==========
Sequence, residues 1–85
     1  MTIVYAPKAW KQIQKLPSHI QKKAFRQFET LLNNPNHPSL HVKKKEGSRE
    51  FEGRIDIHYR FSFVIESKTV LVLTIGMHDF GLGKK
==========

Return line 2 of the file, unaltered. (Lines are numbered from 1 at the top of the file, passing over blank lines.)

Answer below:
     1  MTIVYAPKAW KQIQKLPSHI QKKAFRQFET LLNNPNHPSL HVKKKEGSRE